United States District Court, S.D. Mississippi, Northern Division
CARLTON W. REEVES, UNITED STATES DISTRICT JUDGE
the Court are Herbert Jerome Townsend's second pro
se Motion Under 28 U.S.C. § 2255 to Vacate, Set
Aside, or Correct Sentence by a Person in Federal Custody,
Docket No. 442, and Motion to Supplement, Docket No. 463. For
the reasons below, the Motions are denied.
to a written plea agreement, Townsend appeared before this
Court with his lawyer, Ross Barnett, Jr., on May 2, 2013, to
plead guilty to conspiracy to possess with intent to
distribute more than 50 grams of methamphetamine. On
September 22, 2013, Townsend was sentenced to 384 months in
now acting as pro se, filed his first § 2255 petition on
April 30, 2014. He made the following claims: “(1) his
attorney was ineffective for failing to timely file a notice
of appeal (NOA); (2) the drug quantity is erroneous because
it was not included in the indictment; (3) the conspiracy was
a buyer/seller relationship because there was no agreement or
no joint stake in the drug selling operation; and (4) the
Government breached its plea agreement by not moving for 2
levels pursuant to 3E1.1 and the leadership role is
non-existent because the offense was a fronting relationship,
[sic] the wiretap did not constitute with the necessity
requirement.” United States v. Townsend, No.
3:12-CR-118-CWR-FKB, 2015 WL 2353077, at *1 (S.D.Miss. May
15, 2015). In his Motion to Supplement, he added that the
“Government breached the plea agreement by not
rewarding him with the 3E1.1 for acceptance of responsibility
in violation of amendment 775 and doctrine [sic] U.S. v.
Palacios no. 13-40153.” Id.
Court dismissed all claims with prejudice-except for his
ineffective assistance of counsel claim against his former
attorney for failing to timely file a notice of appeal.
Id. at *3 (quotation marks omitted). On September
14, 2015, the Court held an evidentiary hearing on the issue
and granted Townsend 30 days to file an appeal of his
direct appeal, Townsend argued that (1) the district court
erred in assessing the relevant drug quantity in order to
determine the base offense level; (2) he should not have
received a four-level leadership enhancement; and (3) Barnett
rendered ineffective assistance at his plea proceedings. The
Fifth Circuit dismissed Townsend's appeal, finding that
his “waiver was knowing and voluntary, as Townsend knew
he had the right to appeal and that he was giving up that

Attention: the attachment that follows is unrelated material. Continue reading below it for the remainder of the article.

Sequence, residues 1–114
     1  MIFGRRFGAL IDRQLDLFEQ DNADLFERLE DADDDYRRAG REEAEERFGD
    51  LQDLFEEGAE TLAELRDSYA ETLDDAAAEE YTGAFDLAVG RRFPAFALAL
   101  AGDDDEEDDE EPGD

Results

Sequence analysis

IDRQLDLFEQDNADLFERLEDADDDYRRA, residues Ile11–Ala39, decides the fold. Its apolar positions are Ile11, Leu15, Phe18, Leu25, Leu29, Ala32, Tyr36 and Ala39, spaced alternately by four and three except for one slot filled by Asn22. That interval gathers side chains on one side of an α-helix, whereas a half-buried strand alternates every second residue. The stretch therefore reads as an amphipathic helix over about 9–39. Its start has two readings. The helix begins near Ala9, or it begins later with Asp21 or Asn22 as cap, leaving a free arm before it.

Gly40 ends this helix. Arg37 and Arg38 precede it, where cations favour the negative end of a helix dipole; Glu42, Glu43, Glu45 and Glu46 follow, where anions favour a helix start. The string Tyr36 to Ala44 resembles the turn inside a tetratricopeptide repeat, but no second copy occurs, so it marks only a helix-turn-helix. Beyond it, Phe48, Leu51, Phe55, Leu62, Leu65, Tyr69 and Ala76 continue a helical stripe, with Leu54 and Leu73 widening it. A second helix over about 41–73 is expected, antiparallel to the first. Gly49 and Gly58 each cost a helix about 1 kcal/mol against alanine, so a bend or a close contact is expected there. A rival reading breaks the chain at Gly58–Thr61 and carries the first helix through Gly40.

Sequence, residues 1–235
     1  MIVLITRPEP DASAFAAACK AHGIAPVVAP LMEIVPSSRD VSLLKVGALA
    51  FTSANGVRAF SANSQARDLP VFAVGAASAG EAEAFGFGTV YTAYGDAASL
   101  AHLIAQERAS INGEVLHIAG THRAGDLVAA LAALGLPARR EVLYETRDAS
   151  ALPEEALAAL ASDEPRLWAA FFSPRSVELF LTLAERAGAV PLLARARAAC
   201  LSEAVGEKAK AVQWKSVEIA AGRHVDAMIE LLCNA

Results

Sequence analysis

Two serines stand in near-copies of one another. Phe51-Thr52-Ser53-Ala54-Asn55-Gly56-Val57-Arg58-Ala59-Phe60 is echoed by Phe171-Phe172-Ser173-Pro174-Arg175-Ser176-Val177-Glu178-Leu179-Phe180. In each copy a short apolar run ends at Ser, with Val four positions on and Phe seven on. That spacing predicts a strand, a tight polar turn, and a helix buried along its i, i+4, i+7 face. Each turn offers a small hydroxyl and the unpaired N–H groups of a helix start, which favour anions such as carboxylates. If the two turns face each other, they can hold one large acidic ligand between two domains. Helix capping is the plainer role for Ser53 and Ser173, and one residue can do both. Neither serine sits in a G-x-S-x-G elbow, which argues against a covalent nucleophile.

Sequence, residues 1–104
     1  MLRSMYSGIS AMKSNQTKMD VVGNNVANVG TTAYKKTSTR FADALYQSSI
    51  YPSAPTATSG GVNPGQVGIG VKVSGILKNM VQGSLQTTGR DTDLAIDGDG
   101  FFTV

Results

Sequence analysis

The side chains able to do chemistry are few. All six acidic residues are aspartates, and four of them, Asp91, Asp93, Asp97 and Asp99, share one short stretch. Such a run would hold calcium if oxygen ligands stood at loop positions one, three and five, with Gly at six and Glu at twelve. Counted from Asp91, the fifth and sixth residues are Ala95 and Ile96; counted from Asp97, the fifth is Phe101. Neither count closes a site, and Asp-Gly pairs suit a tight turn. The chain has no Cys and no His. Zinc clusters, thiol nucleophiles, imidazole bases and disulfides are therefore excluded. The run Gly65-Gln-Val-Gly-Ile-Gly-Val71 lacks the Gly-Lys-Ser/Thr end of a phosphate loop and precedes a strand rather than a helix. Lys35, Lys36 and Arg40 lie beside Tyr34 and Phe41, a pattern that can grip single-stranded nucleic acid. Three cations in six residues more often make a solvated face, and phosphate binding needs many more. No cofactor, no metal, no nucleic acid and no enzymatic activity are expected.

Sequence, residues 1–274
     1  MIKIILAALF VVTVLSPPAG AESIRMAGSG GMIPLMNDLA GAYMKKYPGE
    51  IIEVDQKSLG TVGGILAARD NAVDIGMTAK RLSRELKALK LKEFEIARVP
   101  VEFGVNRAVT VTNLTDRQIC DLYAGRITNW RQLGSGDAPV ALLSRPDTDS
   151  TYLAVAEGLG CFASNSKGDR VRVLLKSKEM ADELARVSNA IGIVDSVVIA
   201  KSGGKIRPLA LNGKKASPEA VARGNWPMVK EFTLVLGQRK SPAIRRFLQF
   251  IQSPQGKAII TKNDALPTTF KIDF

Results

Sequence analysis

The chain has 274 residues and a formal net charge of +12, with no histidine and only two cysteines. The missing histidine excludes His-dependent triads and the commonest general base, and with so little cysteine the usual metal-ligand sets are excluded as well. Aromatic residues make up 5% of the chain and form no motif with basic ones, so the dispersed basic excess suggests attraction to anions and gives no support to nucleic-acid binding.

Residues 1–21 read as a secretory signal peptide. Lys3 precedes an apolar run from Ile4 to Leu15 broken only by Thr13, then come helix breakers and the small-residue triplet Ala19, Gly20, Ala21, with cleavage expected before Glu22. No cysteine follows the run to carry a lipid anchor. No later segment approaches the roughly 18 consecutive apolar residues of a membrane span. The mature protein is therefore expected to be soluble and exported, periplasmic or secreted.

right in the plea agreement.” United States v.
Townsend, 667 Fed.Appx. 514, 514 (5th Cir. July 28,
2, 2017, Townsend filed the instant Motion to Vacate and
Motion to Supplement. He alleges as grounds for relief: (1)
“his trial lawyer was ineffective in failing to advise
him of the possible relevant conduct and in representing him
relative to the sentencing hearing” and the plea
hearing; (2) “the court should not have included as
relevant conduct several transactions”; (3) “he
should not be subject to a leader/organizer
enhancement”; (4) his waiver of appeal was not
“voluntary and knowingly made;” and (5)
“[t]he Court lacked authority punish [him] on the
amount of methamphetamine and its level of purity.”
Docket Nos. 443, 464.
United States asserts that the petition is successive under
§ 2255 and Townsend has not obtained permission to file
his motion from the Fifth Circuit, as required by the
Antiterrorism and Effective Death Penalty Act of 1996
in 1996, AEDPA made it significantly harder for prisoners
filing second or successive federal habeas corpus motions to
obtain hearings on the merits of their claims. Graham v.
Johnson, 168 F.3d 762, 772 (5th Cir. 1999). A
“subsequent motion is second or successive when it 1)
raises a claim challenging the petitioner's
conviction or sentence that was or could have been raised in
an earlier petition; or 2) otherwise constitutes an
abuse of writ.” United States v.
Orozco-Ramirez, 211 F.3d 862, 867 (5th Cir. 2000)
no new ground for relief, Townsend brings claims that are
similar or identical to those raised on his direct appeal.
His “instant action is simply an attempt to relitigate
his sentence.” Foster v. United States, No.
3:01-CR-161-HTW-LRA, 2012 WL 2563010, at *3 (S.D.Miss. June
11, 2012). Because these issues were raised and rejected by
the Fifth Circuit, they cannot be raised again in a §
2255 proceeding. See United States v. Rocha, 1098
F.3d 225, 230 (5th Cir. 1997) (explaining that arguments
addressed and rejected on direct appeal “are
procedurally barred from collateral review.”).
§ 2255(h) requires that applicants obtain permission
from the appropriate court of appeal to file a second or
successive petition. Because Townsend has not obtained the
requisite certification from the Fifth Circuit, his motions